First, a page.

The CBX3 gene was slightly downregulated in the second trimester (-1.28-fold change, Padj. 0.0029). CBX3 plays a role in transcriptional silencing in heterochromatin-like complexes, and may contribute to the association of the heterochromatin with the inner nuclear membrane through its interaction with lamin B receptor. In mice, Cbx3 inhibits vascular smooth muscle cell proliferation, migration, and neointima formation (Zhang et al., 2018a). DEGs with the CBX3 motif (500bp-TSS) were extracted and pathway analysis with enrichR was performed. The top enriched term for WikiPathways_2019 and Kegg_2019 was ‘Wnt Signaling’ (Padj. 0.00049 and 2.794813e-03, respectively) (Fig. 4G), while the term ‘ion channels and their functional role in vascular endothelium’ (Padj.=0.042; Fig. 4G) was enriched from BioCarta_2016. These findings indicate that CBX3 could be the transcription factor, which links at least some of the differential changes taking place in the two trimesters, such as the differential regulation of the WNT signalling pathway that mediates EVT migration and trophoblast function, endothelial function and ion channel transport.
In addition to the CBX3 motifs and transcription networks, the motif for BCL6 was significantly overrepresented within 10 kb around TSS of DEGs (lower confidence motifs). The pathway analysis for DEGs enriched in BCL6 motif has shown similar terms to these for CBX3, i.e. ‘ion channels and their functional role in vascular endothelium’ from BioCarta (Padj. 0.0026) and ‘vascular smooth muscle contraction’ (Padj. 0.00765) from Kegg (Fig. S4). The BCL6 expression is significantly lower in the second trimester (-2.175-fold change, Padj. 0.018) and it has been previously shown to be required for proliferation of villous cytotrophoblast cells (Muschol-Steinmetz et al., 2016), whilst BCL6 overexpression reduces trophoblast fusion and is increased in pre-eclamptic placentas (Jasmer et al., 2017).
Placental DNA methylation increases over gestation, and in-utero exposures alter methylation and impact placental function and fetal health (Vlahos et al., 2019). Previous studies have compared first and second trimester methylation; however, these studies were not designed specifically to study the impact of onset of the maternal circulation inside the placenta. Thus, Novakovic et al. compared 8–12 week versus 17–24 weeks samples using a 27K methylation array focusing on gene promoters, but the first trimester samples overlap the first-second trimester transition (Novakovic et al., 2011). Nordor et al. compared 8–10 week to 12–14 week samples using a 450K methylation array, with the later time points overlapping the onset of maternal blood flow (Nordor et al., 2017). In both studies, gene expression data were not taken from the same samples, and standard bisulfite-treatment was used, which also includes a confounding 5-hydroxymethylcytosine (hmC) signal. In the present study, we extracted DNA from the same patient samples that we used for the RNA-Seq analysis. We have used an oxidative bisulfite treatment on samples assaying only 5-methylcytosine (mC). We also performed the methylation analysis using an EPIC array assaying over 850 K CpG sites with higher coverage to previous studies. Our study is therefore uniquely placed to elucidate the gene expression and methylation differences immediately before and after the full onset of maternal blood flow on the same samples (see Fig. 5A for a comparison of related datasets). Sex-specific effects were removed (see Materials and Methods).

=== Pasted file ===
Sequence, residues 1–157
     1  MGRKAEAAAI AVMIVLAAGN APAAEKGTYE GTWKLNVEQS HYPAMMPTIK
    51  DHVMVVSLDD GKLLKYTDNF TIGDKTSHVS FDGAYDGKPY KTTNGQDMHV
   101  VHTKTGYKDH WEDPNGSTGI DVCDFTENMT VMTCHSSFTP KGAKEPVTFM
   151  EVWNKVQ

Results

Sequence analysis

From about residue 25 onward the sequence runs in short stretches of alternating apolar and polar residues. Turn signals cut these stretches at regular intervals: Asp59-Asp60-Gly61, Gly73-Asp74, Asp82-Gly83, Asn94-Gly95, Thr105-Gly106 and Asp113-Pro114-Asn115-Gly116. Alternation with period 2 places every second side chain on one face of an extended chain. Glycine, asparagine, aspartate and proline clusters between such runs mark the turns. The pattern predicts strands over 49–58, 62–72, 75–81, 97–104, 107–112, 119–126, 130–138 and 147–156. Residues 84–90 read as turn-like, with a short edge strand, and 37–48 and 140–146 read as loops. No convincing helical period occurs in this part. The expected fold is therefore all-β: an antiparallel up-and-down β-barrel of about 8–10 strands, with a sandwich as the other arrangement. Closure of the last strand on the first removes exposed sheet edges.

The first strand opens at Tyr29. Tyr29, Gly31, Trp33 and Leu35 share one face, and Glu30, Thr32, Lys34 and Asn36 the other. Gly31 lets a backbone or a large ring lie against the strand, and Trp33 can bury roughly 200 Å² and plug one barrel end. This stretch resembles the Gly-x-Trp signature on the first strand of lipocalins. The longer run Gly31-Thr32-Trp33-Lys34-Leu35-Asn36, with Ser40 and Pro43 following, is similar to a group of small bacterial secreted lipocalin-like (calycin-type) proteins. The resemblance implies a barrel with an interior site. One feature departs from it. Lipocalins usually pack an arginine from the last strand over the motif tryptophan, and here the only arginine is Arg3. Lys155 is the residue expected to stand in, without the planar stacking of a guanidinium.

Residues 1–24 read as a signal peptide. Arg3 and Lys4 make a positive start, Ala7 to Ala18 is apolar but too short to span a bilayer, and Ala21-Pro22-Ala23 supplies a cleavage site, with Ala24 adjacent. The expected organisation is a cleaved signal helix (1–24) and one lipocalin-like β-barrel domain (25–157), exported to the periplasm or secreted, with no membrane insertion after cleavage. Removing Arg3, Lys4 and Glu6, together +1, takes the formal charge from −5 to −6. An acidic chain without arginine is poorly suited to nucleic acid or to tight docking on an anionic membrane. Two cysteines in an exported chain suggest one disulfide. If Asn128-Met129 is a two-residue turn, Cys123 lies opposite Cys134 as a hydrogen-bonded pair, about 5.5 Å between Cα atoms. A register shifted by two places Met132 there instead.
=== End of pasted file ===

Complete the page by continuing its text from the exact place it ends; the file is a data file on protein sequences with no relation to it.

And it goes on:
Samples clustered separately by gestational age in a PCA using the most variably methylated CpG positions (n=500) (Fig. 5B). Mean CpG methylation across all positions assayed showed that there is a globally higher level of methylation during the second trimester (Fig. 5C). Previous studies have indicated the importance of promoter methylation (Novakovic et al., 2011; Nordor et al., 2017) and its positive correlation with gestational age. Our study compared the first and second trimester methylation levels across specific genomic features associated with gene regulation: promoters (2 kb upstream of TSS), gene bodies and CpG Islands. We found the largest difference within gene bodies (Fig. 5D). Differential methylation analysis between the first- and second-trimester samples revealed 329 DMRs, with 233 overlapping at least one gene promoter/body. We then correlated the differentially expressed genes from the RNA-Seq with differentially methylated CpGs in the same first- and second-trimester samples. After applying minimum thresholds of a twofold change (log2 fold change 1) for gene expression and a 20% methylation difference for DMRs, we found 49 DMRs overlapped DEGs. In the majority (36/49), increased gene expression was associated with a corresponding decrease in methylation at the promoter/gene body. Overall, a correlation of increased methylation with decreased expression was observed (R2 0.04, Pearson's correlation coefficient P=0.0025) (Fig. 5D; Table S6). For example, increased WNT2 expression correlated with reduced methylation in the second trimester (Fig. 5D), and may reflect the important role of canonical WNT signalling for the differentiation of invasive EVT (Pollheimer et al., 2006).